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¶11. (C) FM Ahern said he liked Reiss’ public comments that the IRA should respond “sooner rather than later,” and he agreed with Reiss that the IRA statement must be clean, with no ambiguity, and that the three governments need to agree on what they want from the IRA. In the end, the DUP must also be on board in order for a deal to be struck. FM Ahern was adamant that the Irish government was interested in a comprehensive deal only, and was concerned that the UK might be open to Sinn Fein’s desire to cut a side deal with London. He said that such talks between the UK and IRA were underway in December between the breakdown of talks and the Northern Bank robbery. Such a deal, he said, would have allowed Sinn Fein to barter decommissioning for concessions. Moreover, he said, a bilateral deal between the UK and Sinn Fein would polarize the situation in Northern Ireland.
...Sinn Fein
¶12. (C) FM Ahern said that Sinn Fein knows serious negotiations cannot begin unless trust is re-established. On the other hand, he said, maybe that’s not what they want. (Note: FM Ahern is here referencing the theory that Sinn Fein finds engaging in the peace process in its interest because it softens the image of the party and gives them photo opportunities with prime ministers. According to this theory, the process is in Sinn Fein’s interest, but Sinn Fein is not actually interested in striking a deal.) FM Ahern also touched on the balance the GOI tries to strike in talking about and to Sinn Fein. He said PSNI and others told the GOI that its tough line on Sinn Fein since December had been helpful but no longer was, and they should “lighten up.” On the other hand, the GOI also is asked why it talks to Sinn Fein at all, given that the International Monitoring Commission reports that they are continuining their activities. He noted that it is difficult for the two prime ministers to say “no” when Gerry Adams asks for a meeting. He said Sinn Fein is insisting on working out details at the top level of government only. (COMMENT: This is tactically smart of Gerry Adams, especially if he, like others, sees the Taoiseach as less tough on republicans than the outspoken Justice Minister or quieter but equally firm Foreign Minister.)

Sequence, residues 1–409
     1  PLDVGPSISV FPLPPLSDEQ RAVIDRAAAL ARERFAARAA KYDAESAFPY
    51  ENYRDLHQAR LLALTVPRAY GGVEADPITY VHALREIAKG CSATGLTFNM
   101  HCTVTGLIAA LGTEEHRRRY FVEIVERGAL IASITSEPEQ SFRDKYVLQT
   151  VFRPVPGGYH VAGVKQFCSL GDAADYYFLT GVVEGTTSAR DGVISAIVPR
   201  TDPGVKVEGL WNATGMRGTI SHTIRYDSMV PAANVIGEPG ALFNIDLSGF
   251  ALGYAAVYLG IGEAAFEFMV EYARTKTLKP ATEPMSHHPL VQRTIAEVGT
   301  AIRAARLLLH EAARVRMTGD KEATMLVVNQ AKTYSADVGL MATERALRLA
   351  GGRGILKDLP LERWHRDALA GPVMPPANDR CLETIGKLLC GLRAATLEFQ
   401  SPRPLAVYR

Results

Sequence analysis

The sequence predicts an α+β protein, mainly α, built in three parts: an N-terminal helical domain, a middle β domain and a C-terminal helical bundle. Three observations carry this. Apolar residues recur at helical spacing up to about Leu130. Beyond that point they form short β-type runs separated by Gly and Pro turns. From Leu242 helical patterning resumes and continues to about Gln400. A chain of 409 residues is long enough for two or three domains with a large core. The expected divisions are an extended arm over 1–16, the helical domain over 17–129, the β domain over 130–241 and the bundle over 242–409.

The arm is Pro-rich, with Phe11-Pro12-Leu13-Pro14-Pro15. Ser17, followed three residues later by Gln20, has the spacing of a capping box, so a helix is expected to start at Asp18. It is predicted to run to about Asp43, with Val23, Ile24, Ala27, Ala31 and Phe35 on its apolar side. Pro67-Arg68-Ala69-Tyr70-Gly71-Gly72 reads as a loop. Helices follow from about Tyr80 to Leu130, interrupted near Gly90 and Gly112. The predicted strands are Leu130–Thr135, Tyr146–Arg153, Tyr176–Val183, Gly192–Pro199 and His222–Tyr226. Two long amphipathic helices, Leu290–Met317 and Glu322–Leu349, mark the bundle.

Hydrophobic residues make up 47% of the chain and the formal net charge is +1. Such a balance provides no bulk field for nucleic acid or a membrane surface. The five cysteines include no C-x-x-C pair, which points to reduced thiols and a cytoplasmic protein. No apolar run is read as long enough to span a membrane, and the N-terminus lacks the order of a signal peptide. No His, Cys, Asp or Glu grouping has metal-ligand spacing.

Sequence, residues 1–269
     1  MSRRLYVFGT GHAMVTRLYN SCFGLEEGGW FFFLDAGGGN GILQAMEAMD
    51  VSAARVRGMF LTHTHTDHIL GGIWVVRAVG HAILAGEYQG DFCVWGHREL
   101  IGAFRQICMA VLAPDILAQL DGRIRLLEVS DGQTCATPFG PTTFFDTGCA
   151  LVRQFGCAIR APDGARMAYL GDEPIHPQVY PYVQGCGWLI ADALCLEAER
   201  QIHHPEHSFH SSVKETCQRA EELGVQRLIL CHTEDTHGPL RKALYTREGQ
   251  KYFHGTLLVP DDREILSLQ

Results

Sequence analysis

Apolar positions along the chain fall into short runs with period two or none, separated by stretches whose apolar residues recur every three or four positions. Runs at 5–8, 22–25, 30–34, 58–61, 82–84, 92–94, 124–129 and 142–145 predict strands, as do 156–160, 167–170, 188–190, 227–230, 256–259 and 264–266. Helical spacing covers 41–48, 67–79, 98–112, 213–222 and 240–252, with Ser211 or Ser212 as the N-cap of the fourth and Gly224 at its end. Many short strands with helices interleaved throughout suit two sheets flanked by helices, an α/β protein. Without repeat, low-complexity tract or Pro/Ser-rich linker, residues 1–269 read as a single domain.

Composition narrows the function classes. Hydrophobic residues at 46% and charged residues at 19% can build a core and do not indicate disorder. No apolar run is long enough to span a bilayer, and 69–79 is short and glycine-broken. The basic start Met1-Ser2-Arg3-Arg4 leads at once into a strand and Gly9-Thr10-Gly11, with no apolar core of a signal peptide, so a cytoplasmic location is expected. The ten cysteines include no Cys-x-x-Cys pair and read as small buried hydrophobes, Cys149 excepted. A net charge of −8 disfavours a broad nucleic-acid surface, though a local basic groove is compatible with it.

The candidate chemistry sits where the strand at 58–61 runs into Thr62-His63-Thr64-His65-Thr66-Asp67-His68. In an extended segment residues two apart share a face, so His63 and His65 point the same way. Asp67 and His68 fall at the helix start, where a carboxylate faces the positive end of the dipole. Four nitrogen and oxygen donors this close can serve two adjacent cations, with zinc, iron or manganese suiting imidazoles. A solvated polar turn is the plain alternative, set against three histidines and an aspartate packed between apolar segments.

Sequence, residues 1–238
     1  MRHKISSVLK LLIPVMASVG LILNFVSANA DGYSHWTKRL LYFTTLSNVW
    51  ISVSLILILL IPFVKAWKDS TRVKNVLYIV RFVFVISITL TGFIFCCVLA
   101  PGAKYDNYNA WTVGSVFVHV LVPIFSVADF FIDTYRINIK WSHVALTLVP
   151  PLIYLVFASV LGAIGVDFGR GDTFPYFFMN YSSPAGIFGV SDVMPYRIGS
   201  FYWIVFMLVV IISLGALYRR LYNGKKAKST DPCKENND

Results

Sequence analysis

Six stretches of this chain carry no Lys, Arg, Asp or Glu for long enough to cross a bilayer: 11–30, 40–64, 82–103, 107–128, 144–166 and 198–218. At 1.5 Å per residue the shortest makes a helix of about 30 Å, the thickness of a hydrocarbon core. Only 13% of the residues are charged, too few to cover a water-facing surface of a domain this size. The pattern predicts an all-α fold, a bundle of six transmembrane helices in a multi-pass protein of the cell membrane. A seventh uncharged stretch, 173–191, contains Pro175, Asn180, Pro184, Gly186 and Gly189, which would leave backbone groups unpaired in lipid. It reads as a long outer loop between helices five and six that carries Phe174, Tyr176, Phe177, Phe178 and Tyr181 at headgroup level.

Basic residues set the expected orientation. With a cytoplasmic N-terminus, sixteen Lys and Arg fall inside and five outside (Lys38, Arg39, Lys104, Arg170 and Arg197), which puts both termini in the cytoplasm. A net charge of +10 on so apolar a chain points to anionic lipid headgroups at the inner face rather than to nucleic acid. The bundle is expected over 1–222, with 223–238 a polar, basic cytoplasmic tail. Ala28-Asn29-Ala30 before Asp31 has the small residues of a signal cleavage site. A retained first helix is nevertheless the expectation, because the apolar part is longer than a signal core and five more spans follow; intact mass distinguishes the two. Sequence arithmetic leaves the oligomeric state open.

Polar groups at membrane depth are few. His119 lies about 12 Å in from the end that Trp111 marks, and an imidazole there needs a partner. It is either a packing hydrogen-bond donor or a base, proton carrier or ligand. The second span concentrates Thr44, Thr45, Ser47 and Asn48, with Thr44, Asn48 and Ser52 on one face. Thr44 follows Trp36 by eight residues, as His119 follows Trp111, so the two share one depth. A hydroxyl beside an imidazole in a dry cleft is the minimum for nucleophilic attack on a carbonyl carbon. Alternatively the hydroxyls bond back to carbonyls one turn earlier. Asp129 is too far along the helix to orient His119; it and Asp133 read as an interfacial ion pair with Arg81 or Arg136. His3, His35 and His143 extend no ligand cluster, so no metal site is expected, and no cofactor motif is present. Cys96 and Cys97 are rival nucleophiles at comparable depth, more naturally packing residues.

...Parade Season
¶13. (C) XXXXXXXXXXXX said intelligence sources were worried that malcontents were planning to disrupt the marching season. He noted that the DUP and Orange Order were “playing games” with the Parades Commission, and repeated the view that PSNI and the Parades Commission were not connecting well. He said the GOI is particularly worried about the “walk back” -- after the parades and drinking, when marchers and hangers on walk back through republican areas. Special Envoy Reiss said that a violent marching season would play into the hands of those who believe that only the IRA can protect Catholic communities.
¶14. (C) FM Ahern raised the Finucane case, saying categorically that the UK was not complying with its 2001 Weston Park commitments. He said the GOI has lived up to its obligations and begun investigations into several cases. XXXXXXXXXXXX noted that the UK had pushed through its new Inquiries Act and that the Finucane family would not cooperate on that basis. ...Policing Board
¶15. (C) Special Envoy Reiss noted that the Policing Board was set to expire on October 18, and asked for Irish views, including on whether there were policy consequences of choosing to “continue” the board or to “reconstitute” it. FM Ahern said he had spoken to Northern Ireland Secretary of State Peter Hain about the issue. He said the GOI favors continuing the board, but the DUP wants to reconstitute it. He asserted that the DUP has no legal right to demand reconstitution on the basis of its electoral gains. FM Ahern also said he had raised IRA crime with Peter Hain, especially in the context of cross border cooperation between the Irish Criminal Assets Bureau and the Northern Ireland equivalent.